The flirting thing I still think is kind of true, though: it's all about subtle flattery and creating a sense of intimacy on the end, isn't it?

No. It isn't. I've seen someone try that and it was embarrassing for all concerned. And it didn't work.

MagicalHamSandwich Mon 06-Jul-15 20:11:39

I suspect that this may be a question of how one defines 'flirting'. To me it's something I do with clients all the time and I'm actually quite good at it. Nothing even remotely romantic or sexual about it - it's about creating a good 'vibe' with a person and consists mainly of showing an interest in them, subtly advertising yourself as a (business rather than romantic) partner and making sure they walk away feeling better about both themselves and you ...

RB68 Mon 06-Jul-15 20:33:39

Is there any chance of a conversation with senior woman that asks her to mentor you in some way - so not a boss relationship etc. It can be flattering to be asked although you need to be careful not to come across as competition (an issue in some industries). Or alternatively finding a similar industry where there is a parallel in terms of the types and find a senior member of staff there - through Linked In networks etc. In fact there might even be charities that do this kind of linking up haven't looked for ages.

It does sound to me like you need a coach of some sort though - bounce ideas and try different things, even intro to their networks etc

FloraFox Mon 06-Jul-15 21:02:27

OP are you in the UK? I think a lot of these workplace cultures are highly specific to the industry and location. I can't think of any swimming or sauna networking activities but I can imagine some German or Scandinavian companies might do this.

On the more general point, this is one of the things that make it hard for women to get ahead in male dominated industries and that probably the guys don't recognise that it's happening or how it impacts their careers.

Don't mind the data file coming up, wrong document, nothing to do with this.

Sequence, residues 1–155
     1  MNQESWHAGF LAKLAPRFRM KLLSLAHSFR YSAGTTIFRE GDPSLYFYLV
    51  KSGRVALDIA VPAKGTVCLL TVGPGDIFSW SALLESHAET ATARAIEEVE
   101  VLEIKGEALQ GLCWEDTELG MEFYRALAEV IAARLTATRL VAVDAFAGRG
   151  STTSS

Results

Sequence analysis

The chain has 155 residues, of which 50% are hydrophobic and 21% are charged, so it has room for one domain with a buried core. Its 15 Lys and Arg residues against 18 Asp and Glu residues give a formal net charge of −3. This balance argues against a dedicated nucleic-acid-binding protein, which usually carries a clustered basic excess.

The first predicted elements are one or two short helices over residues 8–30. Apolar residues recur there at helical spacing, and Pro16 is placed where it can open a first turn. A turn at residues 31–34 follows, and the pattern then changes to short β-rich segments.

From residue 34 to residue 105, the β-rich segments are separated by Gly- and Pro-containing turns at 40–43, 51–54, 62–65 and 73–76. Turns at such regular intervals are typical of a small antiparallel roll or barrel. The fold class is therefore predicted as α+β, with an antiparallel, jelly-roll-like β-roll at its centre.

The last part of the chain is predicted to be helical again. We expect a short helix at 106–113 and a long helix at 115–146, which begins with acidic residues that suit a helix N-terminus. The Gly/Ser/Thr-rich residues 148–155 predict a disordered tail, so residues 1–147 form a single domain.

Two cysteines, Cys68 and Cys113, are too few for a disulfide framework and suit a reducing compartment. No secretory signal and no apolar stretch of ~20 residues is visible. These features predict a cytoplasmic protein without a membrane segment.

EBearhug Mon 06-Jul-15 23:18:02

I know one of the senior men at work will take people to lunch or breakfast as one-to-ones, but never dinner, because it could be misinterpreted, and if you aren't doing dinner with one sex, you can't do it with the other.

I agree the swimming/sauna stuff doesn't sound very British, but that's not really the point - it's an out of work social occasion, and it could as easily be karting or the races or a private gallery viewing or whatever.

I've done some networking through LinkedIn - just got involved with a couple of events that I saw notified there.

If you're going to ask the senior woman to mentor you, it can help to put some focus on it - "I'd really like some help with..." so you're only asking for a specific thing, rather than asking her to commit to something with no defined terms. It may well lead to more, once you've established a relationship, but you're starting by only asking for a bit of her time.

Also, I think you do need to be careful with the flirting thing. I understand how it is like flirting, but you need to be careful it doesn't come over as actual flirting, as that could work against you.

BlameItOnTheBogey Tue 07-Jul-15 00:18:09

I know what you are getting at with the 'its like flirting' comment. You do have to try and make a person like you and feel a connection with you. It's just a different type of connection to a dating one.

Networking is key to my job. I prefer breakfast or lunch to drinks which always feel awkward. And I always try and leverage the relationships I have to make introductions to the people I want to get to. It seems to work so much better if someone can even connect me with an introductory email.